Feature

Why indie mobile game development is no longer a worthwhile commercial prospect

Nicholas Lister on learning to become your bank manager

Why indie mobile game development is no longer a worthwhile commercial prospect
Nicholas Lister is an independent game developer from London and the founder of Playhouse Games. His first game, Imp Paired, was released on 30 July.

Running a business as an independent game developer is a pretty personal process. It's often very difficult to dissociate your desire for an idea to succeed from a rational analysis of whether it actually will.

I recently came to a decision that, rationally speaking, it would be foolhardy to continue to pursue independent game development as a stand-alone commercial prospect.

I am still making games independently, but I am no longer doing so in a way that holds the sustainability of that endeavour up as a predominant aim. The question is, why?

Becoming a banker

There's a little thought tool I use when coming up with a business idea.

I imagine I am a bank manager and someone is coming to me with this idea looking for a loan to fund it. It is my job to make sure that the bank doesn't lose money on its investments.

I am indifferent to the plight of the individual in front of me and I have a day filled with other loan decisions, mostly safe prospects granting capital for equipment to already established businesses; lending start-up capital for a catering company might be about as risky as it gets.

The question is whether I would countenance the notion of lending money to fund this idea in front of me.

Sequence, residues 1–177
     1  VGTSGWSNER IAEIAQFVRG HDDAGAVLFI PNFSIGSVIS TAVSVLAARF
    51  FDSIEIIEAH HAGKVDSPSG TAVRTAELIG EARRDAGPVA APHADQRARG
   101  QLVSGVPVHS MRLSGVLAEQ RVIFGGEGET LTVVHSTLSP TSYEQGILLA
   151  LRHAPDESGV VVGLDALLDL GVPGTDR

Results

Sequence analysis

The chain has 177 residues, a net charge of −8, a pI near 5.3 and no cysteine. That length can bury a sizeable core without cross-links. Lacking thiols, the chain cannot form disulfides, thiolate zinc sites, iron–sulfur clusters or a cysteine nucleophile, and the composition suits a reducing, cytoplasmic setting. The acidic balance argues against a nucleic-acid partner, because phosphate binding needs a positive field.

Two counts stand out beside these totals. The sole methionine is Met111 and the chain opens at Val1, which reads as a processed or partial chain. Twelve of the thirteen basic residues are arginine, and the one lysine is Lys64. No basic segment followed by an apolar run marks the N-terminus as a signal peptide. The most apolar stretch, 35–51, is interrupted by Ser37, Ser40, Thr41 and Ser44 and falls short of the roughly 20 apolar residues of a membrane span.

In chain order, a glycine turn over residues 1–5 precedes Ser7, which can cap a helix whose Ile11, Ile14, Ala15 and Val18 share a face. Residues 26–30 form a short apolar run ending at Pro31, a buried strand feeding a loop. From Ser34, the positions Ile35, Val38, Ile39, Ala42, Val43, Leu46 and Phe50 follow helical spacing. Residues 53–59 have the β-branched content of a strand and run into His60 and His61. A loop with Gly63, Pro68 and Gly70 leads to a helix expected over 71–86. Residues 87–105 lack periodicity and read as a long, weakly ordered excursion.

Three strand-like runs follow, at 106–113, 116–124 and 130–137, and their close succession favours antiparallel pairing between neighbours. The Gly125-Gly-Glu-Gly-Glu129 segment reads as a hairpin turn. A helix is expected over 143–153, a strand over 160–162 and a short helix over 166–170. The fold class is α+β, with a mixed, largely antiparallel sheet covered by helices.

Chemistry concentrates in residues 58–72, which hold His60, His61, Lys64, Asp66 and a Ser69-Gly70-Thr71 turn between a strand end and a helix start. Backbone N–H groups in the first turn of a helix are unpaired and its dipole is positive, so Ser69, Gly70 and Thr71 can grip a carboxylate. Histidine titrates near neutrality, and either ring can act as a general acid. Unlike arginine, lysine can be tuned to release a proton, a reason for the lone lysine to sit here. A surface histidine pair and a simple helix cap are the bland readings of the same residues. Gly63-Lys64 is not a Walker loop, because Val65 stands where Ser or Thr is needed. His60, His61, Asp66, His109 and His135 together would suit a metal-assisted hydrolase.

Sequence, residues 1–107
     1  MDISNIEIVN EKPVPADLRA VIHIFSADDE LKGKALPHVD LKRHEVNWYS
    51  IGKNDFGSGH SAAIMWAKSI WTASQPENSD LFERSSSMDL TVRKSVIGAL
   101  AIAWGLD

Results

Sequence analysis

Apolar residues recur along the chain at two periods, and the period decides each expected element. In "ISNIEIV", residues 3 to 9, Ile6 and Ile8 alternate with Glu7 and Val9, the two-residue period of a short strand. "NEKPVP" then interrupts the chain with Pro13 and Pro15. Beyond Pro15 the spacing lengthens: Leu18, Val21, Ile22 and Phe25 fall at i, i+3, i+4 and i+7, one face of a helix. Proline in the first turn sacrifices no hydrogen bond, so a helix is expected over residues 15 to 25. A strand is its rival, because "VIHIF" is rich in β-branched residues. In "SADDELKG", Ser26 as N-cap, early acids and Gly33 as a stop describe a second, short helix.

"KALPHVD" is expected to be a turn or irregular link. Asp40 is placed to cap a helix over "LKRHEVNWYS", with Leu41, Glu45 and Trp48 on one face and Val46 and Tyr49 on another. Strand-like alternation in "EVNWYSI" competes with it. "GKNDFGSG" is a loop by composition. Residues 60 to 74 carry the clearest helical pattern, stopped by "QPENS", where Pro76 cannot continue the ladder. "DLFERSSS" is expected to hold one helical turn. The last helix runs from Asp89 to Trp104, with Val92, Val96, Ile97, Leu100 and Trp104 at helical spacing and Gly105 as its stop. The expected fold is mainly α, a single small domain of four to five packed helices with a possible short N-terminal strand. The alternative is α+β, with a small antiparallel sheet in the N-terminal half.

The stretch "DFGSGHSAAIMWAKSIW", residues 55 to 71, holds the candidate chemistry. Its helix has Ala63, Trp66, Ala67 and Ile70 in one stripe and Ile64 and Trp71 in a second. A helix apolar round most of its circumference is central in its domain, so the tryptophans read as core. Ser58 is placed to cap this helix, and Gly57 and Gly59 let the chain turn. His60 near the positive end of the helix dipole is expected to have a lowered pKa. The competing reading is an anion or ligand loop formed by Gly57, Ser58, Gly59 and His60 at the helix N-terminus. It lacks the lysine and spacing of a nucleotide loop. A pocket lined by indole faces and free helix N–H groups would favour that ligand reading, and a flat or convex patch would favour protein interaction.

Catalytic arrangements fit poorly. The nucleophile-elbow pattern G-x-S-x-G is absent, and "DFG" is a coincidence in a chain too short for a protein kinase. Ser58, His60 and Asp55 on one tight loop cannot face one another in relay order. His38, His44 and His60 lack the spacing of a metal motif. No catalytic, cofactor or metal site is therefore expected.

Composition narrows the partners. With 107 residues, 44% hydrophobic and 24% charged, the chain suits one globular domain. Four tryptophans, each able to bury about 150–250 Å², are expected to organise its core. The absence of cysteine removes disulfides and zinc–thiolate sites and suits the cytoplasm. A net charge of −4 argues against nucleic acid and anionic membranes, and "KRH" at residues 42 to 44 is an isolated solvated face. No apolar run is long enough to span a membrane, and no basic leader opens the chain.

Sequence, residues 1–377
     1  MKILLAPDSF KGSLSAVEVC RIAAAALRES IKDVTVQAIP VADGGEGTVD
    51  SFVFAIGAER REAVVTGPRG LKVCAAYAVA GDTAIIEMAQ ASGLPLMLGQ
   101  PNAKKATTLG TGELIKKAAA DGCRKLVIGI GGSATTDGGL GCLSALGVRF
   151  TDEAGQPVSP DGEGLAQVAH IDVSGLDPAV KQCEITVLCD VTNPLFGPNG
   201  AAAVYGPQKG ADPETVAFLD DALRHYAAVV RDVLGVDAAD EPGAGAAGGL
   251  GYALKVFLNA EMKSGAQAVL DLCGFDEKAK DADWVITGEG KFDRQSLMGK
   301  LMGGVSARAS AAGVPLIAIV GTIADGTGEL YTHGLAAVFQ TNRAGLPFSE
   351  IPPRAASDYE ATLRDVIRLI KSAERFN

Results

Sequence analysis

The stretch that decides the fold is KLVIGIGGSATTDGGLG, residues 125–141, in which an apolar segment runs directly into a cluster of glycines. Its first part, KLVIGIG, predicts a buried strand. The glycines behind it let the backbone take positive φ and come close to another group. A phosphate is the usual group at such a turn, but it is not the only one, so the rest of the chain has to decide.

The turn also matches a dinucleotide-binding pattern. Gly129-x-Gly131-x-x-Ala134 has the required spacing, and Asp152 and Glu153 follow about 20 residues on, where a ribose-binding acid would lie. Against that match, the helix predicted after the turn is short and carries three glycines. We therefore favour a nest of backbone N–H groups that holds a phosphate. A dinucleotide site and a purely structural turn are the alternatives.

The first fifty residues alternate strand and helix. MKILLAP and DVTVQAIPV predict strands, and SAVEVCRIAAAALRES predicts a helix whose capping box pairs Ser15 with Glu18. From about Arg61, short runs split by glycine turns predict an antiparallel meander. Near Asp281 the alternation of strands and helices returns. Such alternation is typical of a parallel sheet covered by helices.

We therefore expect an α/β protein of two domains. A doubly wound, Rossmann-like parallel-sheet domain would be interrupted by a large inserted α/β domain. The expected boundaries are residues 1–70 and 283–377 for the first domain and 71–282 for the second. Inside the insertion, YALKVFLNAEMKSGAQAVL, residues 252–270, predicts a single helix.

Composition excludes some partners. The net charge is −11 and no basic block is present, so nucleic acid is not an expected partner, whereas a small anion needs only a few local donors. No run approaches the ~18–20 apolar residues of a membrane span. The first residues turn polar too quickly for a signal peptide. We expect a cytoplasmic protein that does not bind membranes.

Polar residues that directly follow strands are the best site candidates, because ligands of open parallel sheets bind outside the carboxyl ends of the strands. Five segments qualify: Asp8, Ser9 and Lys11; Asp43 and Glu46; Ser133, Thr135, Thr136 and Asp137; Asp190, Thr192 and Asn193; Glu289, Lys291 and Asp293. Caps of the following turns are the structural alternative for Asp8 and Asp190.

Since starting to do this, whenever I have put the idea of independently making and selling mobile games in front of myself-as-bank-manager, I find myself suggesting to the imaginary unfortunate in front of me that I could better invest my money by putting it all on Lucky Lad in the 3:20 at Chepstow.

There are some notable exceptions, of course. A mobile version of a recent and very popular game from another platform, for instance, given the right arrangements, is about as close to a surefire yes as you are likely to get.

However, the point is that if my bank manager self isn't willing to consider the plan as a commercial prospect, then neither should I.

Meddling with myths

It's a simple tool, but when I apply it I start to unravel some of the most common fantasies that mobile indie developers use to drive their work.

Applying a clever monetisation model looks risky; even if it's tried and tested, the niche it's exploiting may well be saturated around the time you get there.

Spreading the bet by making more, smaller games using these tried and tested techniques is a sensible option, but it's still not enough to convince me that on average they will perform well enough to match the risk-reward balance of the catering start-up I just saw or the carpenter I've got coming in next.


Lister's first iOS release Imp Paired

I have met a lot of mobile indie developers who spend their working days turning out commercial games that aren't even, by the bank manager test, that commercial.

Some of them have always been chasing the big payout - looking at the likes of Angry Birds, for instance, and thinking they wanted a slice of that.

Some of them started out just wanting to make games, discovered they weren't making money so jumped on to more and more commercial strategies to keep themselves going until they get to a point where they're only making games that are commercial strategies.

Now that's fine. Those people may all be happy with what they're doing. They may well have managed to make some money, even if continuing market saturation has meant that the days of the big payout are fading and that their commercial strategies are becoming less and less effective. But the thought of going down that route scares the hell out of me.

It seems to me that the landscape of games is huge and beautiful and full of wonderful things and that the games industry's commercial mines excavate, at a very great pace, a relatively narrow vein that runs down the middle.

That's not to say that prospectors don't find success elsewhere. They do. They discover rich mineral deposits in unlikely places. Some people have a better knack for finding them out than others and a serious find usually attracts a gold rush.